Many medicines are available from pharmacies without prescription, including some that require a prescription in most western countries (although antibiotics can no longer be bought over the counter). On the other hand, some medicines that can be bought without prescription in other countries require one in Kuwait and you should check with a doctor. Most pharmacies also carry non-medical items, such as cosmetics and perfumes, but costs are likely to be higher than at other shops. General medicines, such as painkillers, cough medicine and eye drops, are widely available in supermarkets and larger stores.
Note, however, that Health Ministry in Kuwait has banned the use of tranquillisers, anti-depressants and in some instances sleeping pills, except for extreme cases associated with certain types of mental illness. (Ministers have seen the problems caused by their overuse in the west.) If you’re dependent on any of these medicines and carry them with you, you must ensure that you’re also carrying the doctor’s prescription and preferably a letter from your doctor confirming that you need them. You’re most unlikely to be able to obtain new supplies when in Kuwait, so have enough for your requirements, but not so many that you could be suspected of carrying drugs for sale.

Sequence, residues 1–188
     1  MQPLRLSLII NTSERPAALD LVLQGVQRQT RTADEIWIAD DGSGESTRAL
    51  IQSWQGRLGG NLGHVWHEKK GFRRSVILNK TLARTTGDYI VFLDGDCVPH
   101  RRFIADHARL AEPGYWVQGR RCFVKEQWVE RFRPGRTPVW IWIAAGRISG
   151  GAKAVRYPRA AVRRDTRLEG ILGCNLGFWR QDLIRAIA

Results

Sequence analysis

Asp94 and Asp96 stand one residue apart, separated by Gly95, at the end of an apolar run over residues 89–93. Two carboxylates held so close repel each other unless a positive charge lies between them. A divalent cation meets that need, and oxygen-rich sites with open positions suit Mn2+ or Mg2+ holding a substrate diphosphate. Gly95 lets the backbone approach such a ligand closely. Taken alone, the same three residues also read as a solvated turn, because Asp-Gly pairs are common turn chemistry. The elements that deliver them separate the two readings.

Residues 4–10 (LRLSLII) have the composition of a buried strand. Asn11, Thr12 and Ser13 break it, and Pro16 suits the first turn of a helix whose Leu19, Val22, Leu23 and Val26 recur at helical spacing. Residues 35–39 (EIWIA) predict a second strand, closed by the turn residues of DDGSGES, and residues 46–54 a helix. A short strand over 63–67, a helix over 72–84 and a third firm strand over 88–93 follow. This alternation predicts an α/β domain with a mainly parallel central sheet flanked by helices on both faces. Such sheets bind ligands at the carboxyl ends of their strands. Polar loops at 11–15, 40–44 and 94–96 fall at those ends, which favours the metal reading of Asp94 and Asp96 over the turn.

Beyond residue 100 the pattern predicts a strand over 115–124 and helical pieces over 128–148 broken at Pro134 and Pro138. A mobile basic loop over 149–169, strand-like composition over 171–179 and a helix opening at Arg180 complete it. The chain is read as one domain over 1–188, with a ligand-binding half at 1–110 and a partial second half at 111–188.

If you take a medicine on a regular basis, make sure that you know the content name and formula, not just the brand name, as many brand names vary from country to country and between manufacturers. You might have to renew your prescription from a local doctor, as many pharmacists aren’t authorised to accept foreign prescriptions.
Most pharmacies are open from 9.30am to 1pm and from 4.30 to 8.30pm or later, Saturdays to Thursdays. A notice in the local press indicates the duty pharmacy open outside these times. Many hospitals have a 24-hour pharmacy, where you can obtain prescription and non-prescription medicines.
It’s important to obtain a receipt if you want to claim from your insurance. Medicines are quite expensive and there have been cases of over-prescribing in the private health sector, perhaps because of a link between the prescriber and the pharmacy.